What might this look like? From the biblical narrative, we do not know much about the life of Lazarus after this event, but like anyone who has been given a new lease of life, one can imagine that he might have looked at the world differently.  He had experienced a glimpse of the power of Resurrection. His life was now imbued with a new perspective of a life in Christ.  Perhaps, he let go of any grudge he had been carrying with him, encouraging us to do likewise.  Perhaps he devoted his time and energies to the things he enjoyed in life that he had long neglected, talents that he thought had been dead and buried.  Perhaps, he worked to repair a broken relationship.  Although Lazarus’ resurrection is qualitatively different from Christ’s, it was still not just “resuscitation.”  He was called not just to repeat the same patterns in his relationships with others, but to move beyond them, repairing and transfiguring them.  Perhaps, we could look at our own relationships in such a light.  Finally, we can assume that like him, we are given hope, not only in the power of the resurrection that we can experience now, but in the ultimate resurrection on the Last Day.

I would like to conclude with a short vignette written by our friend, Sarah Byrne-Martelli.  A few years ago, she posted a blog entry about an interaction she had had with one of the young theologians in our midst, one Elias Orlovsky, on Pascha night of that year.  As the canon of Pascha echoed joyfully through the brightly lit sanctuary and the bells were ringing with everyone greeting the other with the Paschal Kiss, proclaiming, “Christ is Risen!,” Elias approached her, smiling and waving his candle.  She greeted him with “Christ is Risen!” and instead of responding with “Truly, He is Risen!” with a high five, he yelled, “YOU TOO!”  To this bit of wisdom, she responded, “Exactly!”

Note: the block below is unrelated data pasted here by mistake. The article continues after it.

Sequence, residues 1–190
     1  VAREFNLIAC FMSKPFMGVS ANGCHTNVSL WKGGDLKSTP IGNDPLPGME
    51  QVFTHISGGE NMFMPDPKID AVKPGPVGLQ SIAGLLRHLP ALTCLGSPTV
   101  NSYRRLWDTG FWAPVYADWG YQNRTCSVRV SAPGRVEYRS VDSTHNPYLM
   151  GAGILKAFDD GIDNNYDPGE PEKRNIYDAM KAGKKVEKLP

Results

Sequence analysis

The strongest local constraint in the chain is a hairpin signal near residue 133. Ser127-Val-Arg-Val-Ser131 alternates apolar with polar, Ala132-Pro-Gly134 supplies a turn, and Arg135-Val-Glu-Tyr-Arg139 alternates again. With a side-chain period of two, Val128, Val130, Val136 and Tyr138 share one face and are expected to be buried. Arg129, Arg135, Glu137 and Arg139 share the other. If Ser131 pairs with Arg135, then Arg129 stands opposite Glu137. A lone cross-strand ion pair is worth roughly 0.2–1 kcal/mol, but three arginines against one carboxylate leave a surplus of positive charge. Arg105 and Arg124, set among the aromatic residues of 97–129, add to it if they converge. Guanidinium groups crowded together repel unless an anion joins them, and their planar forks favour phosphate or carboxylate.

[i] In the 1884, parts of a diary of a Spanish pilgrim, now known as “Egeria,” were found in a monastery in Arezzo, Italy.  In it, she details her travels for three years in and around the Holy Land in the late fourth century (~381–384). Her narrative includes rich descriptions of the geography and various places in and around the Holy Land at the time, accounts of encounters with holy men and women with whom she meets, some information about the status of women in her day, and substantial information about the life of the Church in fourth century Jerusalem.  She speaks about her experience as a pilgrim in Jerusalem during lent and Holy Week, and witnesses the celebration of the raising of Lazarus on the Saturday before Palm Sunday. (John Wilkinson, trans., Egeria’s Travels to the Holy Land (Jerusalem: Ariel Publishing House, 1981), 102–3.)

[ii] The other six “signs” are (1) changing water to wine (Jn. 2:1–11), (2) Curing the noble man’s son (Jn. 4: 46–54), (3) Healing of the paralytic (Jn. 5: 1–15), (4) Feeding of the 5000 (Jn. 6:1–14), (5) Walking on Water (Jn. 6:15–21), and (6) Giving sight to the blind (Jn. 9: 1–41).

[iii] Jesus identifies himself with God is seven ways in the Gospel.  Proclaiming that He is (1) the Bread of Life (Jn. 6:35), (2) Light of the World (Jn. 8:12), (3) Gate of the Sheep (Jn. 10:7), (4) Good Shepherd (Jn. 10:14), (5) Resurrection and the Life (Jn. 11:25), (6) The Way, the Truth, and the Life (Jn. 14:6), and (7) The True Vine (Jn. 15:1).